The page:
Supra for the Scots - Tartan Army Guide to Tbilisi

The people of Tbilisi should be preparing themselves for an invasion…

Fear not though Tbiliselebo, the boots on the ground will largely be Timberland, and the only assaults will be on your eardrums as this is not the Red Army, but a far gentler, affable though seldom sober unit known as the Tartan Army.

For those of you still oblivious, the Tartan Army refers to the supporters of the Scottish national football team which plays a crucial Euro 2016 qualifier in Tbilisi against Georgia on September 4.

It will be the first visit to Georgia for the Scots since 2007 where a humbling 2-0 defeat played a significant part in destroying Scotland’s hopes of reaching the European Championships. Eight years on and the scenario is similar.

Georgia have nothing but pride to play for while Scotland, rejuvenated under former Aberdeen and Leeds United legend Gordon Strachan, have realistic aspirations of making France 2016.

Doing so would see the Scots qualify for a major tournament for the first time in almost two decades. And with the huge importance of the match for the Scots, combined with fond yet hazy, booze-fueled memories of the previous visit to Georgia, the Tartan Army are mobilizing in their thousands, set to make landfall from the beginning of next week.

As a Scot myself, with a Georgian wife and Scottish-Georgian son (or Georgian-Scottish, depending on who you ask), who has lived in Tbilisi since 2010, I feel it my duty to offer the Tartan Army, of which I was once a loyal servant, a handful of tips for “The City that Loves You”….

Having experienced a few Tartan Army missions myself, I know how futile it would be to list museums, galleries and theaters (of which Tbilisi has many fine examples). Instead, I’ll cut to the chase. The Tartan Army survives, almost entirely, on one thing – ‘bevy’. Or ‘alcohol’ to the layman.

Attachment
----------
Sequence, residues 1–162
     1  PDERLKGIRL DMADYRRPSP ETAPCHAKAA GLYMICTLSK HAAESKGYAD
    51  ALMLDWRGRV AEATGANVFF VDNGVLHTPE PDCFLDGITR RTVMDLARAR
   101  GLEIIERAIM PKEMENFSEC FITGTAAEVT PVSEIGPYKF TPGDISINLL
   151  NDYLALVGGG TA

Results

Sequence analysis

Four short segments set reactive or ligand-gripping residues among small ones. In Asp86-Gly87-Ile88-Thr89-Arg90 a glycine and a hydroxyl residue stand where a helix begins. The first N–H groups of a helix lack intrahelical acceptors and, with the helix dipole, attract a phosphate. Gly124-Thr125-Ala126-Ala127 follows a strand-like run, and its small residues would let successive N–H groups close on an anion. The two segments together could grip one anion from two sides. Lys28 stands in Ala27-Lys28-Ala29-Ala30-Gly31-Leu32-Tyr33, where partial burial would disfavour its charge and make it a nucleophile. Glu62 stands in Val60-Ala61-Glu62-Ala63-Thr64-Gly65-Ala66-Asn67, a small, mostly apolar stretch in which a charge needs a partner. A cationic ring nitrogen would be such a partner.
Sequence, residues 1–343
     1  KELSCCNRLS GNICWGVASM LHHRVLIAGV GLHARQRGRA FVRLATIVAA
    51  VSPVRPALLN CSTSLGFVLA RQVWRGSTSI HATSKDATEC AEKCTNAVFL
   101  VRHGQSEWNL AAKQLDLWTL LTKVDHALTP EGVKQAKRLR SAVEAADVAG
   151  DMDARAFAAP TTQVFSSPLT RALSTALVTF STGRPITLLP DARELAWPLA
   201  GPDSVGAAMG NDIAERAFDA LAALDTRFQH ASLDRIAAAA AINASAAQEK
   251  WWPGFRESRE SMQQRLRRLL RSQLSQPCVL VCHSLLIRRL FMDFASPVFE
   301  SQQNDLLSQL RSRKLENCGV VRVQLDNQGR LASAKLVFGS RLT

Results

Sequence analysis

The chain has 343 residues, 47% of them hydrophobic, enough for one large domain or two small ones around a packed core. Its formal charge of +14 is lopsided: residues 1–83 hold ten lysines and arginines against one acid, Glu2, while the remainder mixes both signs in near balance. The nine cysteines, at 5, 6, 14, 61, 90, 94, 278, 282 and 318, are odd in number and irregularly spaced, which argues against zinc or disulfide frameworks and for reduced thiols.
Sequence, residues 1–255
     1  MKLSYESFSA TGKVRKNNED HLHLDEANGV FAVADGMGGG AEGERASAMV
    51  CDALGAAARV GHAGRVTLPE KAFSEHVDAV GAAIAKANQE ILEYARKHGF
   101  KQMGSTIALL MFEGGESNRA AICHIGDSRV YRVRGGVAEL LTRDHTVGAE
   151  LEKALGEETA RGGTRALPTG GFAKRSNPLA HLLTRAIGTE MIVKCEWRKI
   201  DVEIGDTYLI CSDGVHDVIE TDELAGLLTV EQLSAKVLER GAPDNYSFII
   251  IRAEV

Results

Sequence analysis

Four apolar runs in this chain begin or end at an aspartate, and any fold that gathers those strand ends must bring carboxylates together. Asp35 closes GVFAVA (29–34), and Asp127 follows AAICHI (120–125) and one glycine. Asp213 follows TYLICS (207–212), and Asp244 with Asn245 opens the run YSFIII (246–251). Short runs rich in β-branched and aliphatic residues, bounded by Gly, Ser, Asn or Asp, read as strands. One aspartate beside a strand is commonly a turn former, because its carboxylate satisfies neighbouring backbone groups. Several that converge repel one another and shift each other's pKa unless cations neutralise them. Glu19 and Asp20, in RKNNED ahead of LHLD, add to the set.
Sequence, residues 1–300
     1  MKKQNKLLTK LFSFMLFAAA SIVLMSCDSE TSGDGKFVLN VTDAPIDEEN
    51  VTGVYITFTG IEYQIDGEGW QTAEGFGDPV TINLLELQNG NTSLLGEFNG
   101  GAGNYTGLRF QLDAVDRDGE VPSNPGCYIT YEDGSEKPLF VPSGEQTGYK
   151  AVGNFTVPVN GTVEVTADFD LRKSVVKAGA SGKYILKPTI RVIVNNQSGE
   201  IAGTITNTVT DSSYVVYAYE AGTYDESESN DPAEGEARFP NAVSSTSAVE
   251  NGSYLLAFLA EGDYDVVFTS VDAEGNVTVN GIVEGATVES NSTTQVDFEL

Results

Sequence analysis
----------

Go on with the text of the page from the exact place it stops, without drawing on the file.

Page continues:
The good news for the visiting Scots is that Georgia is rich in this area, both in terms of production and consumption. However, while the beer in Georgia is perfectly acceptable (and I recommend a trip to the Ossetian restaurant Alani near the sulfur baths for, in my view, the best beer in town) if you truly want to soak up the national way of life, opt for wine.

I’ll spare you details of wine’s centuries-old history in Georgia, as there are countless articles written by far more qualified connoisseurs than I. However, if you have the good fortune to get friendly with a group of Georgians, and with their devotion to hospitality and your kilt and replica top giving away your identity as a foreigner there is every chance you will, then you may encounter a supra.

A supra is one of the most celebrated Georgian traditions. It is essentially a feast accompanied by an endless supply of Georgian fayre and a similarly bountiful helping of alcohol – more often than not, Georgian wine. And not any kind of Georgian wine. It tends to be white wine, but not as most Westerners will know it, largely because the color is amber and the strength, if it is proper Kakheti (region of east Georgia renowned for winemaking) wine, is of Buckfast proportions.